Atlas V for First Starliner Flight Coming Together in Alabama

The Atlas V rocket that will launch Boeing’s CST-100 Starliner spacecraft on the company’s uncrewed Orbital Flight Test for NASA’s Commercial Crew Program. (Credit: ULA)

DECATUR, Ala. (NASA PR) — The Atlas V rocket that will launch Boeing’s CST-100 Starliner spacecraft for the company’s uncrewed Orbital Flight Test for NASA’s Commercial Crew Program is coming together inside a United Launch Alliance facility in Decatur, Alabama.

The uncrewed Orbital Flight Test is intended to prove the design of the integrated space system prior to the Crew Flight Test. These events are part of NASA’s required certification process as the company works to regularly fly astronauts to and from the International Space Station. Boeing and United Launch Alliance have begun conducting integrated reviews of components, software and systems along with decades of Atlas data to ensure integrated vehicle test simulations are similar to real-life conditions during missions. Starliners for the uncrewed and crew test flights, including for the pad abort test, are in various stages of production and testing.

NASA’s Commercial Crew Program is working with private companies, Boeing and SpaceX, as they each develop unique systems to fly astronauts for the agency to and from the space station. SpaceX is developing the Crew Dragon, or Dragon 2, spacecraft to launch on a Falcon 9 rocket from Launch Complex 39A at NASA’s Kennedy Space Center in Florida. Boeing’s Starliner will liftoff on the United Launch Alliance Atlas V rocket from Space Launch Complex 41 at Cape Canaveral Air Force Station in Florida.

  • Jacob Samorodin

    Hurry up and finish that rocket!…I need to get off this planet, fast! There’s a mysterious huge object from interstellar space hurdling towards our Solar System…That according to CNN, The INDEPENDENT, Fox News, etc.

  • Andrew Tubbiolo

    You’re joking right?

  • Jacob Samorodin

    LOL…Yea, I took the limited info CNN had, as if they are reliable anymore, and ran with it.
    The object is real, it’s interstellar, and it came from the direction of Vega…Too late!… Vegans are already here!… LOL!… CNN writers don’t know how to use past tense in this news item.
    The object pass our planet and the sun days ago, heading back to interstellar space.
    We can be 99 percent sure it was a comet nuclei.

    But one thing I know, those of us in the majority who comment on PAB, want to leave this planet because? Pretty view of Earth? Yes, but also this world is getting dangerous indeed; has been getting more and more so since 1945…who wants to stick around?

  • Andrew Tubbiolo

    The hyperbolic excess of this object is ‘only’ 28 km/sec. That means after the Sun has done all the work on it that it will do, it will still be traveling at 28 km/sec relative to the Sun. I’m not so sure we can say it came from Vega. It could very well be a Kuiper Belt or Oort Cloud object that was thrown into the inner Solar System by interacting with a massive body. The spectrum is somewhat red and has a flat light curve such as we can detect it (it’s small, and far out) which indicates that the surface is covered with ices that have been exposed to a lot of radiation, so some folks think it might have been ejected from another solar system by something like a Jupiter and we were lucky to catch it. Another interesting point is it made it’s perihelion passage on the day of the eclipse in the US. There were telescopes trained on the volume of space where it object was, and no cometary activity was detected. For that matter the object was not detected either (nor should it have been). So an apparent lack of volatiles is interesting and in conflict with the idea that the red spectrum is explained by ices being exposed to high doses of radiation.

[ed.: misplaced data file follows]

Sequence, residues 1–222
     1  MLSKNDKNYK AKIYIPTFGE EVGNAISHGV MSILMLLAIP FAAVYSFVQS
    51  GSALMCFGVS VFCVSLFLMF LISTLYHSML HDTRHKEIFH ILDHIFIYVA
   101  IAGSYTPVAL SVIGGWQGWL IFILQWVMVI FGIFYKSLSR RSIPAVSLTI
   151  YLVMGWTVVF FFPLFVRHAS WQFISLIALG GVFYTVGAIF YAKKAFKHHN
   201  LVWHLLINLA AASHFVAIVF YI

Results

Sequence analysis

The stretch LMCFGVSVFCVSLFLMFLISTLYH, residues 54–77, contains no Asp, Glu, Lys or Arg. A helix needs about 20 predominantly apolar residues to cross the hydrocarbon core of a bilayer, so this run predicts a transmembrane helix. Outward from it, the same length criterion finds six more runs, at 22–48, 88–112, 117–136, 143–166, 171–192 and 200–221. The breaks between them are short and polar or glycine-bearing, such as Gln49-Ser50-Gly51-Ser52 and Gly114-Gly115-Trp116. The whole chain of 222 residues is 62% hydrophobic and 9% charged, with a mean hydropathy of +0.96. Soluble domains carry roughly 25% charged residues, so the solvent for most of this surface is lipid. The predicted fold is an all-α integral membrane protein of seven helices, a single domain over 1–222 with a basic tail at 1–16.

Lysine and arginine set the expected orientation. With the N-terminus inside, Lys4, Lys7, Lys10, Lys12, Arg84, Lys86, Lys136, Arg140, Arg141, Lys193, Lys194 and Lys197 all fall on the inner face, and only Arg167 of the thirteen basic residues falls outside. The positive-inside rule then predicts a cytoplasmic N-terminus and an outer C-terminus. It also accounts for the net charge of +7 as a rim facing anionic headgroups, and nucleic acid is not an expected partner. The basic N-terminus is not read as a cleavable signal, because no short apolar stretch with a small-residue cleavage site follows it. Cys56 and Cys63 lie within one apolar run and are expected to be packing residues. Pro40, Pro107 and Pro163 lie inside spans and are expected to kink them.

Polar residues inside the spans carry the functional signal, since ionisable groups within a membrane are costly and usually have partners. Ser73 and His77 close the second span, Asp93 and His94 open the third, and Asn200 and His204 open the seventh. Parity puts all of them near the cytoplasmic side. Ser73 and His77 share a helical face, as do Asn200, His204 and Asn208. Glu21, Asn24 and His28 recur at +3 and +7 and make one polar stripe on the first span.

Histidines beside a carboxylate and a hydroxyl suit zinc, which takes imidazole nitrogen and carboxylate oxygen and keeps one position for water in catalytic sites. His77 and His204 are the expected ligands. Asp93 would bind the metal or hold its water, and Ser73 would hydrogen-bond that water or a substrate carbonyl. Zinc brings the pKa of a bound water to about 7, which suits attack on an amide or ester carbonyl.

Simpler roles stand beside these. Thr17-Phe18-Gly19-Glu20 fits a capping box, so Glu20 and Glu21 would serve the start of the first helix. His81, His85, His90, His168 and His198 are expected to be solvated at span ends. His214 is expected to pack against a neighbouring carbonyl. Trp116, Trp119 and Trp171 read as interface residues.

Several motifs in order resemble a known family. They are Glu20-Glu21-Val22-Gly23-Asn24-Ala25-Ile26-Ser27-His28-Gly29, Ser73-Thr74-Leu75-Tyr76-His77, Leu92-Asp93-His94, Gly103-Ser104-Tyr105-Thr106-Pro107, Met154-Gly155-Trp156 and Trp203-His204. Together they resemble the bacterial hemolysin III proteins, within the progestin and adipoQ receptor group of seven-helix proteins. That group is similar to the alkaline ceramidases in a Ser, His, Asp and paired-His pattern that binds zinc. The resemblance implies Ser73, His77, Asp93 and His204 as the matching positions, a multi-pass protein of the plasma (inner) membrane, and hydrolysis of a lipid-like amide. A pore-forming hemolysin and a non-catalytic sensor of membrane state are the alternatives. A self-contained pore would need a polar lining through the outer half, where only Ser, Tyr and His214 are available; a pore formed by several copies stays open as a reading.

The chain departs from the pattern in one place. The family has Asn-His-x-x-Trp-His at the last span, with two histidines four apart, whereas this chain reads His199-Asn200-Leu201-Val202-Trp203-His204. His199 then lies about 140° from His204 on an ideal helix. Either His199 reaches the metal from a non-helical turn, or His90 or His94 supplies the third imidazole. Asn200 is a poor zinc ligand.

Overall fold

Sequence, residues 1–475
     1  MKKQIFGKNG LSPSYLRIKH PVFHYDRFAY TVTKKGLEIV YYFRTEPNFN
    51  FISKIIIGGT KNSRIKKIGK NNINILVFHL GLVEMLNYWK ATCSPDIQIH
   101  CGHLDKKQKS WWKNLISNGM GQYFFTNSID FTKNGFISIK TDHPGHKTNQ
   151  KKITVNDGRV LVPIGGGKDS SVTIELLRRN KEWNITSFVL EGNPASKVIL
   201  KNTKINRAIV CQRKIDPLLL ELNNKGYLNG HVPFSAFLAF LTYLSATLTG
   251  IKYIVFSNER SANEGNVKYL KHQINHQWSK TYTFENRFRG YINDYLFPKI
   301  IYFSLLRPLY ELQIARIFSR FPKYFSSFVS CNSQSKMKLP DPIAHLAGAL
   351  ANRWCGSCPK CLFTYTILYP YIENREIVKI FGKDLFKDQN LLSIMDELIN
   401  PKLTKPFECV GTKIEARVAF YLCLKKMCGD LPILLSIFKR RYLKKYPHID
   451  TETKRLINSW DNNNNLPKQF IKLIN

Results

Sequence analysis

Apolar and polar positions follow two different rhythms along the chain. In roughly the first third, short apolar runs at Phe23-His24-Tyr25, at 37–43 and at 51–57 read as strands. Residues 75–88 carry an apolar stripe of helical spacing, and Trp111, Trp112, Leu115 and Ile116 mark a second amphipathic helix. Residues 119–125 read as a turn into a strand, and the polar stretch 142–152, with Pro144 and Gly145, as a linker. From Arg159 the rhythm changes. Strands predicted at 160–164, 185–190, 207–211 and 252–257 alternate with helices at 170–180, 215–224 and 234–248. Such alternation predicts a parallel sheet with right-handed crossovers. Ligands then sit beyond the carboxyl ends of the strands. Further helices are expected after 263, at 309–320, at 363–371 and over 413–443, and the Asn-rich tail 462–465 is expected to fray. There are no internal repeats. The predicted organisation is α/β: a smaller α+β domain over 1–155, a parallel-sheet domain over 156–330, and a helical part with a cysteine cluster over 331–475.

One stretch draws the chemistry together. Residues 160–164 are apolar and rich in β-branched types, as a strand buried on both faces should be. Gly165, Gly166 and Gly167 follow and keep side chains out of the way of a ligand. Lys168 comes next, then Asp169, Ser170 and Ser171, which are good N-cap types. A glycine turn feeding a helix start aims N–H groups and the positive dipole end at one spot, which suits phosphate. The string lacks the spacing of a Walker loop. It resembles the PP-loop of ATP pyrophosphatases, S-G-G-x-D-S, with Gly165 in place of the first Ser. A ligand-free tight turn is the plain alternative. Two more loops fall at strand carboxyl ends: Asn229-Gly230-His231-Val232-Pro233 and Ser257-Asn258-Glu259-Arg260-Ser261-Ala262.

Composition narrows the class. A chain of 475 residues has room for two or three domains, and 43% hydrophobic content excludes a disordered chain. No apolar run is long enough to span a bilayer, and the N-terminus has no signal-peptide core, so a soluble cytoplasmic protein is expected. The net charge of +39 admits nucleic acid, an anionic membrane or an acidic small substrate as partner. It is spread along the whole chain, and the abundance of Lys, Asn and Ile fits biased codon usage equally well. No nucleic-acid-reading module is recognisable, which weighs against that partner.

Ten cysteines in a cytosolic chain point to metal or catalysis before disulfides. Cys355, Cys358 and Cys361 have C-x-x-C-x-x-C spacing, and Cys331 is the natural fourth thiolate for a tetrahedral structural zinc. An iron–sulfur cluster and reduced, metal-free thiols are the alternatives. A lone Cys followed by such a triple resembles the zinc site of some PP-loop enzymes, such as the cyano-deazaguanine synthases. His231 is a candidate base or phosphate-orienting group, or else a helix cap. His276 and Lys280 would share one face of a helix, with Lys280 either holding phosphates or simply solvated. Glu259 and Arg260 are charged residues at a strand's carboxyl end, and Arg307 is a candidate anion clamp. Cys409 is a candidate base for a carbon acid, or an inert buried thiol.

• Jacob Samorodin

    Curious!…Maybe that one percent probability of something else is starting to become more likely, whatever that means.

  • Jacob Samorodin

    A more reliable update; it comes from Spacedaily.com. The object is now travelling at 27 miles per second (44 km/sec), more than two months after perihelion. It is comfortably beyond one A.U. now, so the present 44 km/sec will certainly give it enough momentum to leave our Solar System for good, leaving behind all those Vegans (who keep lecturing us to eat our vegetables) LOL.

  • Andrew Tubbiolo

    Eat your vegetables. It’s still deep in the solar system, it won’t settle into its hyperbolic excess until it’s way way out. I’d estimate somewhere as far out as 40 or so AU.

  • delphinus100

    It’s true, minus the hype.

    But being in LEO won’t really put you any closer to it, if that’s what you want (or farther from any imaginary impact danger, given how high the ejecta could go, and the limits of life support for a capsule only meant to get you to a space station and back), than anyone else…

  • publiusr

    Here is a question. That asteroid looks to do a pretty hard turn once it does a flyby of the sun.

    It looks to move along a good bit of the plane of our system. So what objects in the asteroid belt might it meet?

    Please say Ceres. Maybe Dawn could meet it, perhaps?

    As for the Atlas V–meh…

  • Andrew Tubbiolo

    Offhand, without looking, 🙂 …. The chance of a close flyby with another asteroid is pretty slim.

    To a first order you can check here… This is the page for 2017 U1. You can also look up the positions of any other asteroid you want to check. Use the orbital diagram for a pictorial illustration of the various geometries.

  • publiusr

    I need glasses to read that screen…